CIOs and IT managers who block access to social media will lack innovation and affect personal branding, says one creative director.
Speaking at the Gartner BI summit in Sydney last week, Thinque’s creative director, Anders Sorman-Nilsson, said the disruptive nature of technologies like cloud computing and social media is only the start of a new set of challenges that will plague the CIO in 2011.
“We need to upgrade the way we think to look at disruptive global trends like cloud and collaboration, because change happens without your approval,” Sorman-Nilsson said.
“...With big data that we’re seeing, the future is more about context rather than content.”
Sorman-Nilsson, who spoke at a recent CIO event, said CIOs are lagging behind and must embrace a new view of social media.
“I asked a group of CIOs who [of them] blocked Facebook and about 50 per cent raised their hands,” he said. “I then told them that Syria and Iran did too.”
Rather than trying to block all social media usage, Sorman-Nilsson said it was important for CIOs to embrace the use of sites like Facebook and Twitter, with the business leader saying that enterprise processes and social media are becoming a force to be reckoned with.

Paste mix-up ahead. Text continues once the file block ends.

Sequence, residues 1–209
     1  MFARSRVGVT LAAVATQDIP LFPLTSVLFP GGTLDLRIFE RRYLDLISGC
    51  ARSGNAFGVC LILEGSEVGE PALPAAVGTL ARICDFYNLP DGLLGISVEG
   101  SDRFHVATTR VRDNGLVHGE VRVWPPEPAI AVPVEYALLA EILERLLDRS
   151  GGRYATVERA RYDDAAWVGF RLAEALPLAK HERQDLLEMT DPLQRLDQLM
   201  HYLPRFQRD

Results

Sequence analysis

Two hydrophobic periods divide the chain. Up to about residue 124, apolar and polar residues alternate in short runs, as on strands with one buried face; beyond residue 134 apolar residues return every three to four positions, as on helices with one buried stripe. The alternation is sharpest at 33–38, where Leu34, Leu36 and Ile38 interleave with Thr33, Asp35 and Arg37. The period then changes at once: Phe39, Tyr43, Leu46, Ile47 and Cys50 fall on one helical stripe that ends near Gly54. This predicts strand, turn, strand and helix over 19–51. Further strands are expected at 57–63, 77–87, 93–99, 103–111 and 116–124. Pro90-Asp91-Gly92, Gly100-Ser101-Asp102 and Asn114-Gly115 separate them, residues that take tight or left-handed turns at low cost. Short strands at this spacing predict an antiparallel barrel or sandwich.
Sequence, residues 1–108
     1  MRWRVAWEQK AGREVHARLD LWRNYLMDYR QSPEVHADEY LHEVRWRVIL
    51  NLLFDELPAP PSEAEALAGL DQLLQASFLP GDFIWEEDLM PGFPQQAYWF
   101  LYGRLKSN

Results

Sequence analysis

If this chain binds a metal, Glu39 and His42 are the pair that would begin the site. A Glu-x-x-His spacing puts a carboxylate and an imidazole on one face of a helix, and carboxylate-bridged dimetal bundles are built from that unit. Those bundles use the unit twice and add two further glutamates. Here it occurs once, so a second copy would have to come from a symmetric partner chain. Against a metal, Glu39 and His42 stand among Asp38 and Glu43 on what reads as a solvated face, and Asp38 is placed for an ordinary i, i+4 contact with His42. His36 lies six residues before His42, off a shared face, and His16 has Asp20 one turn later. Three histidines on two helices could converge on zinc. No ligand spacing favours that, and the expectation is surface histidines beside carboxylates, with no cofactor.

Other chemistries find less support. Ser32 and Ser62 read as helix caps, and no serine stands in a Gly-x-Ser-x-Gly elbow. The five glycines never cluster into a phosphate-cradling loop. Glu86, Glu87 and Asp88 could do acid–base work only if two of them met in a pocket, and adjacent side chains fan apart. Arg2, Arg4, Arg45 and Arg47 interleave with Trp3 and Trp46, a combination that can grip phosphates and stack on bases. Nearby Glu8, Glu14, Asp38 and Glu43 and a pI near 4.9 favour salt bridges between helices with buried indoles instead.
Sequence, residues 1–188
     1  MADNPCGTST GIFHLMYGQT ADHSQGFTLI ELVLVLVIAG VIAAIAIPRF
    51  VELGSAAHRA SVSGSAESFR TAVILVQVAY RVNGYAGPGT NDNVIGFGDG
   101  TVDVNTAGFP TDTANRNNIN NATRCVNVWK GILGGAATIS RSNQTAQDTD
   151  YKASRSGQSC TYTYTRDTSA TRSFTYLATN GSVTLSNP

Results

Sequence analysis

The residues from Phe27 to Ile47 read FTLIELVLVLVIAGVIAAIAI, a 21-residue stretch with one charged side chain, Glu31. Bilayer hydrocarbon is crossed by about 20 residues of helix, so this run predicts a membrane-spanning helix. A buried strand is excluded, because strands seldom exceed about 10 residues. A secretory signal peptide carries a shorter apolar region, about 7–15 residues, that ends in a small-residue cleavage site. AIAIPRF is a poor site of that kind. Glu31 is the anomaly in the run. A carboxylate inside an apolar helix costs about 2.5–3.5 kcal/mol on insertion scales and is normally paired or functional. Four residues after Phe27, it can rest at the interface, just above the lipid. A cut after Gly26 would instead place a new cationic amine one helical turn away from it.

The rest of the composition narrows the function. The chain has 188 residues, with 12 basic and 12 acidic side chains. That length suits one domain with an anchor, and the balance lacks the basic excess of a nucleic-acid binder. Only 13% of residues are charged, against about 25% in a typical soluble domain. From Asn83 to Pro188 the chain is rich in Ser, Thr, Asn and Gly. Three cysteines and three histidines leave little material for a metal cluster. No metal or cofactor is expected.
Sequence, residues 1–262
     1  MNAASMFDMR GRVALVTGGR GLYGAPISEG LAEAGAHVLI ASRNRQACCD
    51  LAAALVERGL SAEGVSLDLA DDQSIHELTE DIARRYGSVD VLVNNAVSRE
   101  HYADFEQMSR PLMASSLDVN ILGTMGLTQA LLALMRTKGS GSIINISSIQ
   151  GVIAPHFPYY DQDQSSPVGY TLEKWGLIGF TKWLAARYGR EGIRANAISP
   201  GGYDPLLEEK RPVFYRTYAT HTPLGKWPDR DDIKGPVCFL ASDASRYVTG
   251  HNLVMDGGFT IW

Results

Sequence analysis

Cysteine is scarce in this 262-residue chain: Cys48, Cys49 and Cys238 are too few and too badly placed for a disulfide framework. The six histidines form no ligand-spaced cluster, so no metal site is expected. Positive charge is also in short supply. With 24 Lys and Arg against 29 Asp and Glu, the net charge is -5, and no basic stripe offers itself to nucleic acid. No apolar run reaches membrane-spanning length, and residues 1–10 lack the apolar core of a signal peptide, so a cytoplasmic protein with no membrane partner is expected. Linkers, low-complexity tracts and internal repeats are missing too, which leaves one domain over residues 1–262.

“Social media isn’t a fad,” he said. “It’s a whole new way of communicating. Social and business are merging.”
Understanding who is responsible for leading such initiatives is important, according to Sorman-Nilsson, who said getting an accurate picture of an organisation was far more important than crunching the numbers of social analytics.
“You should be asking in your organisation, who should be leading some of these social initiatives?,” he said.
“Social data is less about ones and zeros and more about a story.”
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